Adventures and Vicissitudes of Captain CookThe Adventures and Vicissitudes of Captain Cook, Mariner. Showing how by Honesty, Truth, and Perseverance, a Poor, Friendless Orphan Boy became a Great Man.  Beautifully illustrated (London: E. Harrison, 1870) available online

This work is notable for the inaccuracies and embellishments in its description of Cook’s childhood.  Though it is not acknowledged as fictitious in the volume itself, this may have been presumed by the readership.

The story begins with James Cook at the age of ten, living in the village of Marton with his sick and widowed mother.  While this was the correct location of the real Cook’s birth, on 27 October 1728, at the age of eight his family had moved to Great Ayton.  His parents in the Adventures are named as James and Mary Cook, and his father had died while working for a Farmer Gripman.  In reality Cook’s mother was named Grace.  James Cook Senior worked for a Mr Mewburn in Marton and a Mr Thomas Skottowe on Ayton and he was still very much alive at this stage in the younger Cook’s life.

A key plot point of the early chapters of the volume is the death of Cook’s ailing widowed mother, leaving him behind as an orphan with no siblings.  The real Cook was the second of eight children, four of whom died young.  Through this constructed context the series introduced the 19th-century literary trope of the impoverished orphan.  By opening the fictional story of his life in this manner the events that followed could address Cook going out into the world alone and navigating its trials and tribulations.

The events that ensued are filled with action and adventure, childhood companions both kind like Ichabod ‘Ikey’ Mangles, and cruel like Octavius Challoner.  Mysterious strangers act as defenders and draw the hero into new environments.  Together they guide the fictional Cook to his ultimate purpose and allow him to display his moral worth.  His values of honesty and kindness are always rewarded.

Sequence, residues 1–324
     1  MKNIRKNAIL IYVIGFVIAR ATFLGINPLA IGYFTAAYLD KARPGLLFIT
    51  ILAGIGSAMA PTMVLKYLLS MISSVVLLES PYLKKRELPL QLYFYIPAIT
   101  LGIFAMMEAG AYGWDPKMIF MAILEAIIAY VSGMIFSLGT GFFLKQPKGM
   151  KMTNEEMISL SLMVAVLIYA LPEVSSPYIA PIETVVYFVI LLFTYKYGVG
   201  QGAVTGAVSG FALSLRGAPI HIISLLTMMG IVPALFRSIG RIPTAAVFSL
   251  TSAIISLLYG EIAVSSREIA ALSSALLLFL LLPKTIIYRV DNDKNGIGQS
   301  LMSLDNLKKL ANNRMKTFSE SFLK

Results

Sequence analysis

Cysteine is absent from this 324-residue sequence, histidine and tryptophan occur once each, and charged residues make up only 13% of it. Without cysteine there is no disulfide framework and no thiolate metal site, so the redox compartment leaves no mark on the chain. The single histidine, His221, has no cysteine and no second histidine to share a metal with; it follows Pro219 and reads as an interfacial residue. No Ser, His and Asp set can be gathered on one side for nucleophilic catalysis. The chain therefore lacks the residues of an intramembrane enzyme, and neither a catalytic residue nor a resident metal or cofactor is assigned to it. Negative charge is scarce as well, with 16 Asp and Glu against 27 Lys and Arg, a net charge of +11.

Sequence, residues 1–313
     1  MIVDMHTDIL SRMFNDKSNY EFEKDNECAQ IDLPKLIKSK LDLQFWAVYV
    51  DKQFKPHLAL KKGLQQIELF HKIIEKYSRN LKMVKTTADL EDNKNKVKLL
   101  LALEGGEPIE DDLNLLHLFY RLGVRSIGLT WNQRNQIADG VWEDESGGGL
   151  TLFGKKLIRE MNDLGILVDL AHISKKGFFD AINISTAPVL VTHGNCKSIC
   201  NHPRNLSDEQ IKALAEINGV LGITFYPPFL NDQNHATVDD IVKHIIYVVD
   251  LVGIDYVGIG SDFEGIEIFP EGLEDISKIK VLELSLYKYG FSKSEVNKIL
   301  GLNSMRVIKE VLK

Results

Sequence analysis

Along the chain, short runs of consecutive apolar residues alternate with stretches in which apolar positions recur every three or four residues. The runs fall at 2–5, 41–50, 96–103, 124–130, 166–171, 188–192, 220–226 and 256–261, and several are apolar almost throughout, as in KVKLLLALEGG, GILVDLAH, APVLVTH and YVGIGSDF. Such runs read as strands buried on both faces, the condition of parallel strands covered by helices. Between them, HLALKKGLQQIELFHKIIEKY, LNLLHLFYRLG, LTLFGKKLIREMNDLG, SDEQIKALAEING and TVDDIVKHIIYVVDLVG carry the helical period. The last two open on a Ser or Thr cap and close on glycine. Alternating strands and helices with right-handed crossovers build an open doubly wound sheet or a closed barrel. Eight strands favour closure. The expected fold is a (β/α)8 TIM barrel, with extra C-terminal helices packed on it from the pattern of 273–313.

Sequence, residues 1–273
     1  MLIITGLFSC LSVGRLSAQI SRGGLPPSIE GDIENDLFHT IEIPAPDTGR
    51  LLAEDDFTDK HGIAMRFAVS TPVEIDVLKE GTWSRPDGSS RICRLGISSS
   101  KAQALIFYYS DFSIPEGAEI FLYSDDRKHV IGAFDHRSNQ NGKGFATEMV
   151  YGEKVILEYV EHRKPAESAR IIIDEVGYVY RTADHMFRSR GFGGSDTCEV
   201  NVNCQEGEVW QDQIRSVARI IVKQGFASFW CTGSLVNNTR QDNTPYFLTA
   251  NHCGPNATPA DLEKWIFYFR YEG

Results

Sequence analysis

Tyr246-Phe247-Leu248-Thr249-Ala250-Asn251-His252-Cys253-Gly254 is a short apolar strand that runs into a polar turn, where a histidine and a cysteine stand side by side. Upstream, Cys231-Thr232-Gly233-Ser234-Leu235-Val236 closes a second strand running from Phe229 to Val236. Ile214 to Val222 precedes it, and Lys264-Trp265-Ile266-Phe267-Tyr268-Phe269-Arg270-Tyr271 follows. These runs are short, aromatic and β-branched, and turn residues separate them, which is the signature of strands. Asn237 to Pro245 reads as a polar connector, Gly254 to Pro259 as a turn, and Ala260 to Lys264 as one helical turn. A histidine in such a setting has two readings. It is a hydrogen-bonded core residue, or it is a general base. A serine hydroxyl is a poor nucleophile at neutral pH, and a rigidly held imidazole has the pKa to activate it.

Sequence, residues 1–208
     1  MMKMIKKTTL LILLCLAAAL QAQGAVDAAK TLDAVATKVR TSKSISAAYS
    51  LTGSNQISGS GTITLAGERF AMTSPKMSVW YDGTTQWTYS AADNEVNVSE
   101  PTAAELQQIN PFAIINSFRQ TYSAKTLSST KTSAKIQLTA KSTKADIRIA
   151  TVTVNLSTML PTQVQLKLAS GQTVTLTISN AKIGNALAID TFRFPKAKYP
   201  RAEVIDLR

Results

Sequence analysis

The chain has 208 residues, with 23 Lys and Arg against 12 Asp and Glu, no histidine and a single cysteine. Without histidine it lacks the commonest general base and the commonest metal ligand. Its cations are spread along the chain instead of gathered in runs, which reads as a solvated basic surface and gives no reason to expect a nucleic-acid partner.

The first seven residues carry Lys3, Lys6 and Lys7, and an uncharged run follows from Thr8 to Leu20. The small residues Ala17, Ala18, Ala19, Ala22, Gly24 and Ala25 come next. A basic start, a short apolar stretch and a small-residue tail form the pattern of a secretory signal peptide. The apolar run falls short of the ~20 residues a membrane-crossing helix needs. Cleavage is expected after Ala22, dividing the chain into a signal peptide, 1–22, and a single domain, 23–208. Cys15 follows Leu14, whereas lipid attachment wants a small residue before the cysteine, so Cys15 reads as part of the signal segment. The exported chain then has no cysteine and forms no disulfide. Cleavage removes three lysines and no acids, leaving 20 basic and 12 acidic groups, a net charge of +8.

While connections to the facts of Cook’s early life are few, these tales create an origin story for the idealised vision of the James Cook that had become well-known in juvenile literature of this period.  In the final scene, as the vessel enters Whitby harbour, where the real Cook learnt his trade and his ships like the Endeavour and Resolution were built, the writer states ‘that with honesty and integrity for a motto, the most unpromising commencement of life may have the brightest finish’.

Mary McMahon
AHRC CDP PhD Student, Royal Holloway, University of London, and the British Museum

Further reading:
Beaglehole, J. C. The Life of Captain James Cook (London: A. and C. Black, 1974).
The Adventures and Vicissitudes of Captain Cook, Mariner. Showing how by Honesty, Truth, and Perseverance, a Poor, Friendless Orphan Boy became a Great Man.  Beautifully illustrated (London: E. Harrison, 1870) - available online.

 

Visit our exhibition James Cook: The Voyages
Open until 28 August 2018

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17 July 2018

The mysterious death of Captain Archibald Anderson

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Captain Archibald Anderson was in command of the East India Company ship Nottingham when he disappeared in May 1790.  Accident?  Suicide?  Or something more sinister?